MEAN   28.704492484821994
    STDEV  3.353800228776872
FUNCTION: f3 Used 76 times
    MEDIAN 27.746915817260742
    MEAN   27.920340236864593
    STDEV  2.21554251130519

Same benchmark using PyPy 3.5.3, but skipping the f3() which uses ujson:

FUNCTION: f1 Used 99 times
    MEDIAN 20.905017852783203
    MEAN   22.13949386519615
    STDEV  5.142071370453135
FUNCTION: f2 Used 101 times
    MEDIAN 36.96393966674805
    MEAN   40.54664857316725
    STDEV  17.833577642246738

Dicussion and conclusion

One of the benefits of Msgpack is that it can used for streaming. "Streaming unpacking" as they call it. But, to be honest, I've never used it. That can useful when you have structured data trickling in and you don't want to wait for it all before using the data.

Another cool feature Msgpack has is ability to encode custom types. E.g. datetime.datetime. Like bson can do. With JSON you have to, for datetime objects do string conversions back and forth and the formats are never perfectly predictable so you kinda have to control both ends.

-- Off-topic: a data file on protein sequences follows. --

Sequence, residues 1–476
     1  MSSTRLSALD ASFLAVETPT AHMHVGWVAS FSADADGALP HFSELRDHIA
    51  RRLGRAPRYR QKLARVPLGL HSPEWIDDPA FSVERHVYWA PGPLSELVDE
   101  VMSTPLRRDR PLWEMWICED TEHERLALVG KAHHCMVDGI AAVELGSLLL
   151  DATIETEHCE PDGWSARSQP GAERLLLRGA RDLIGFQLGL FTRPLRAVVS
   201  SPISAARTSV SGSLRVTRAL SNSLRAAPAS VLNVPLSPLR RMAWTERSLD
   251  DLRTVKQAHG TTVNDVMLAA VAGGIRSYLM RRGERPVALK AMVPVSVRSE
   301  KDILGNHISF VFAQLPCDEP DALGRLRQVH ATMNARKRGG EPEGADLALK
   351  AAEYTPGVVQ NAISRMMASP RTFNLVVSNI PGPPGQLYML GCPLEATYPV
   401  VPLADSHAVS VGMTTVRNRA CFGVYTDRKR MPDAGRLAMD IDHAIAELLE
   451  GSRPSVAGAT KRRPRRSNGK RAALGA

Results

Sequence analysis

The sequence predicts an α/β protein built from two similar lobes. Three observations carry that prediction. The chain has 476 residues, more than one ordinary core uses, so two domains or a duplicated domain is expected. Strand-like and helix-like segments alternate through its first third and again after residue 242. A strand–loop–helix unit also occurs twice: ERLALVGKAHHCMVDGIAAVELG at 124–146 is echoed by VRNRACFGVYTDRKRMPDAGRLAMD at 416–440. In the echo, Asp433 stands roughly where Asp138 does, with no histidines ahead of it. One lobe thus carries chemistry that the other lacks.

But beyond some feature differences, it seems that JSON compressed just as well as Msgpack when Gzipped. And unlike Msgpack JSON is not binary so it's easy to poke around with any tool. And decompressing JSON is just as fast. Almost. But if you need to squeeze out a couple of extra free milliseconds from your JSON files you can use ujson.

Conclusion; JSON is fine. It's bigger but if you're going to Gzip anyway, it's just as small as Msgpack.

Bonus! BSON

Another binary encoding format that supports custom types is BSON. This one is a pure Python implementation. BSON is used by MongoDB but this bson module is not what PyMongo uses.

Size comparison:

▶ ls -l events*son
-rw-r--r--  1 peterbe  wheel  2315798 Dec 19 11:07 events.bson
-rw-r--r--  1 peterbe  wheel  2171439 Dec 19 10:16 events.json

So it's 7% larger than JSON uncompressed.

▶ ls -l events*son.gz
-rw-r--r--  1 peterbe  wheel  341595 Dec 19 11:07 events.bson.gz
-rw-r--r--  1 peterbe  wheel  304416 Dec 19 10:16 events.json.gz

Meaning it's 12% fatter than JSON when Gzipped.

Doing a quick benchmark with this:

def f4():
    with open('events.bson', 'rb') as f:
        s = f.read()
    t0 = time.time()
    events = bson.loads(s)
    t1 = time.time()
    assert len(events['events']) == 4365
    return t1 - t0

Compared to the original f1() function:

FUNCTION: f1 Used 106 times
    MEDIAN 29.58393096923828
    MEAN   30.289863640407347
    STDEV  3.4766612593557173
FUNCTION: f4 Used 94 times
    MEDIAN 231.00042343139648